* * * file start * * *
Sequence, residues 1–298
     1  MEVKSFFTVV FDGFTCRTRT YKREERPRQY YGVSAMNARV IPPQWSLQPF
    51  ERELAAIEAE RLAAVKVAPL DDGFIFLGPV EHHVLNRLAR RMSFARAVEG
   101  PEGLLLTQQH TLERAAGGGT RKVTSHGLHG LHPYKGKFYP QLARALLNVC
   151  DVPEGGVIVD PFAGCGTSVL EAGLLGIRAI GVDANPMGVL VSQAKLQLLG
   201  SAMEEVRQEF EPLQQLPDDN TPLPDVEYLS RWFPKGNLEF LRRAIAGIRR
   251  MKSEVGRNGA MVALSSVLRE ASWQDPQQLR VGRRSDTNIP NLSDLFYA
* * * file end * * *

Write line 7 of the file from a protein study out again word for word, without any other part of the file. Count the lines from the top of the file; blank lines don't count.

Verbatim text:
   251  MKSEVGRNGA MVALSSVLRE ASWQDPQQLR VGRRSDTNIP NLSDLFYA